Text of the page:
Evelyn Alsultany’s “Simplified Complex Representations”

“Part of Everyday, Popular Culture”

“I became aware of the politics of culture at a young age… and I slowly came to realize that such assumptions about [Arab and Latinx] identity were not just the result of particular news stories being repeated but part of everyday, popular culture.” – Evelyn Alsultany, “Untapped Stereotypes”

TEDxUofM

Arab and Muslim Representation

Whereas Jack Shaheen’s landmark text Reel Bad Arabs: How Hollywood Vilifies a People focuses on film, Alsultany’s Arabs and Muslims in the Media: Race and Representation After 9/11 focuses on television. In the text, Alsultany introduces the concept of “simplified complex representations.”

NYU-Book-Cover“This [representational mode] has meant that if an Arab/Muslim terrorist is represented in the story line of a TV drama or film, then a ‘positive’ representation of an Arab, Muslim, Arab American, or Muslim American is typically included [after 9/11], seemingly to offset the stereotype of the Arab/Muslim terrorist” (Alsultany 14).

Positive or “good” representations of Muslims, Alsultany continues, are developed around their perceived allegiance to the state (here, the United States) rather than their religion. They are presumed “bad” until proven citizen. This mode of representation operates on the assumption that the United States is post-race while simultaneously racializing Arabs and Muslims (moving them out of the category of “white” and into a category of Other). Simplified complex representations appear to complicate “bad” representations by introducing “good” ones, such that they appear to challenge stereotypes but instead introduce a binary opposition between “bad” and “good.”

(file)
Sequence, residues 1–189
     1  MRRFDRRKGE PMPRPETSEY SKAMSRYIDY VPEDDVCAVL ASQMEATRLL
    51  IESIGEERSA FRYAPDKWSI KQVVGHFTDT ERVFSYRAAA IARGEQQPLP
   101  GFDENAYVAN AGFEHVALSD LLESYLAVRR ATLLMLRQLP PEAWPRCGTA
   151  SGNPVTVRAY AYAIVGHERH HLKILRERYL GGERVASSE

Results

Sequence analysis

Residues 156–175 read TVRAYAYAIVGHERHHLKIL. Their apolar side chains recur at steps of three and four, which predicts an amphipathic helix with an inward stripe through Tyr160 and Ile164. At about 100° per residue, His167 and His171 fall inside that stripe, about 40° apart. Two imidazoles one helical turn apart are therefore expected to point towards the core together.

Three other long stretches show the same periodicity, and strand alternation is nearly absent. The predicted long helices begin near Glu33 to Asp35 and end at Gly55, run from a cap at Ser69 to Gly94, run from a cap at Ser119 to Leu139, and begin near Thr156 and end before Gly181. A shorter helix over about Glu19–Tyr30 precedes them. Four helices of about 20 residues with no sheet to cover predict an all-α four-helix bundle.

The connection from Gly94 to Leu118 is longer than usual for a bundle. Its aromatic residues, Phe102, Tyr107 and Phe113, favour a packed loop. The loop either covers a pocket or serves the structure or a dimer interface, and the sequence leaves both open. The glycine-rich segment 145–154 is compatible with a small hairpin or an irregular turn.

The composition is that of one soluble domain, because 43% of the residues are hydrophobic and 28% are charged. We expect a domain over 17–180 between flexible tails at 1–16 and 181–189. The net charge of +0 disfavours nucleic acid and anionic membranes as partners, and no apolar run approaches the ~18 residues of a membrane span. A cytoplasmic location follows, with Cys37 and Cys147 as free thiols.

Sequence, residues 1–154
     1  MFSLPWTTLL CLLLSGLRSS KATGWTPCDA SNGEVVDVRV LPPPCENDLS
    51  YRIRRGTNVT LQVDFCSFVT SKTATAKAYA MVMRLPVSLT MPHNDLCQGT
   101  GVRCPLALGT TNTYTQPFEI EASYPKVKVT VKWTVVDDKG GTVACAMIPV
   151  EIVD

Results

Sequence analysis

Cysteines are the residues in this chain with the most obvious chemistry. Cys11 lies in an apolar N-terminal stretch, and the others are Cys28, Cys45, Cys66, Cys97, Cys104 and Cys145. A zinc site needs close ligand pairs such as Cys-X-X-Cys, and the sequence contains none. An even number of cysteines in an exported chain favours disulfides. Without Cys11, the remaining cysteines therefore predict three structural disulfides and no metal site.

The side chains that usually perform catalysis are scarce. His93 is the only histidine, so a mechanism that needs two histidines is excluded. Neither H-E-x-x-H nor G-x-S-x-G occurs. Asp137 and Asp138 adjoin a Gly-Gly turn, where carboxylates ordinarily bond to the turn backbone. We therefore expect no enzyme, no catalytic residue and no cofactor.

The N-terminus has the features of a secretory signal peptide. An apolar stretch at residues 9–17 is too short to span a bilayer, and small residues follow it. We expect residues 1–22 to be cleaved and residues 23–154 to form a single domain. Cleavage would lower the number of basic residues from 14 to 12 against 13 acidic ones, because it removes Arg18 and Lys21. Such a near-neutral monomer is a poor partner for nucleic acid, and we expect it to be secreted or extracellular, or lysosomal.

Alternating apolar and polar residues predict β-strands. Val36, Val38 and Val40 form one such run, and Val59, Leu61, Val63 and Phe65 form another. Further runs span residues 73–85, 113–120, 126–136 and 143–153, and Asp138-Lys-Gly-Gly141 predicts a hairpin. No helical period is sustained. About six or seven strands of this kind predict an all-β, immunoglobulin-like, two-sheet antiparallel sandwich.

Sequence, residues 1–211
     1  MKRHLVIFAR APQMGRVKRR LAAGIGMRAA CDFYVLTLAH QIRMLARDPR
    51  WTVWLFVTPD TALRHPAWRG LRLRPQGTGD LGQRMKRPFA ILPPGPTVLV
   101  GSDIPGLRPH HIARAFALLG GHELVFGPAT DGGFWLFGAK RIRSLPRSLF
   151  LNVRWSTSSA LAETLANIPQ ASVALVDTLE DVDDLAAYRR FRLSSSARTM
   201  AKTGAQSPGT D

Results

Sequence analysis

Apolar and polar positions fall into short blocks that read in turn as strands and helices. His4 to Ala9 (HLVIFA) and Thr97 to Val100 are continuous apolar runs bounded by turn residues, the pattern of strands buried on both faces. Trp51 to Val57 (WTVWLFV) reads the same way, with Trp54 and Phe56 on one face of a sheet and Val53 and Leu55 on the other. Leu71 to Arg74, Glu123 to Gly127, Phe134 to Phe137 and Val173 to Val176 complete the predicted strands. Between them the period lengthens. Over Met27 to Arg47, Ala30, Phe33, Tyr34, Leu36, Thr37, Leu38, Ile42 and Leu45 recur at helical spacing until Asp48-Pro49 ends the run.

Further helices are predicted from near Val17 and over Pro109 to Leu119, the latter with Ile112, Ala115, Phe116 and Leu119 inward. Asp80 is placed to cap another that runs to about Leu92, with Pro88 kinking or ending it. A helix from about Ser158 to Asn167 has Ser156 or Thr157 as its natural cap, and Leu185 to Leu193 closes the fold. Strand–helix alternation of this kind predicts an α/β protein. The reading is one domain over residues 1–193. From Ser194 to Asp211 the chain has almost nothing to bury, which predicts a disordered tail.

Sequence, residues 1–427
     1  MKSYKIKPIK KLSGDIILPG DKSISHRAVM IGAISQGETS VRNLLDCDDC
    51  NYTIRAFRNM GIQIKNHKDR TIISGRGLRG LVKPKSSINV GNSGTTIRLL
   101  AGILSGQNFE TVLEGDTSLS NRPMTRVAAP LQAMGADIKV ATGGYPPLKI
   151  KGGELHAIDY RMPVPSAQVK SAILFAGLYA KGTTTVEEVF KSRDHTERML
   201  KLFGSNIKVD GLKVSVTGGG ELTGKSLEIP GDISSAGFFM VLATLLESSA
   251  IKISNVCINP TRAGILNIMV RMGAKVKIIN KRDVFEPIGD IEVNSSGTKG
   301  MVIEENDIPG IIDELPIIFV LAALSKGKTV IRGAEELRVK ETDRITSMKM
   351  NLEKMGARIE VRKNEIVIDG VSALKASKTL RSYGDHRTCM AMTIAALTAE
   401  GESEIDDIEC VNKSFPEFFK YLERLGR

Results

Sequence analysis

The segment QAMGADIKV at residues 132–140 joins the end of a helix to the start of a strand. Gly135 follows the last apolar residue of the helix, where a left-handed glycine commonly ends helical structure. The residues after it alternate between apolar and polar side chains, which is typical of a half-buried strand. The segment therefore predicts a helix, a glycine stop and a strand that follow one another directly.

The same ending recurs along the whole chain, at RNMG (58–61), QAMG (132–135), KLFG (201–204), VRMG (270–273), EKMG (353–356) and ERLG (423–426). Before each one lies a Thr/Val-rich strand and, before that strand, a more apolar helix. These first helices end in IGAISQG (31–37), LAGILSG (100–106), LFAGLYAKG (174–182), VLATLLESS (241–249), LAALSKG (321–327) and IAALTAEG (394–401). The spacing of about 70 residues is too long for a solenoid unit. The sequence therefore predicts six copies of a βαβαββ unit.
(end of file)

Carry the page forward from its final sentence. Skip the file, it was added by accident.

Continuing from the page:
BAD

  • Terrorist
  • Oil sheikh
  • Oppressed woman

GOOD

  • Citizen that forfeits their rights for the good of their country
  • Government or military employee
  • Woman that gives up her headscarf/hijab

The “good” representations look more complex, but they are still grounded in or against stereotypes and offer little room for Arabs and Muslims to operate in between. They also lend themselves to the conflation of Arab and Muslim: it can become difficult to differentiate between the two when they often appear to be the same thing in media and simplified complex representations do not perform the work of distinguishing them.

Jack Shaheen spent the better part of a lifetime advocating for more complex representations of Arabs in American media and Evelyn Alsultany’s work is, in many ways, a continuation of his. It would be almost impossible to write about the latter without writing about the former; however, Alsultany’s critical work, especially that presenting the evidence for simplified complex representations, situates critique of Arab and Muslim representations in American media in Cultural Studies and in a greater body of Media Studies.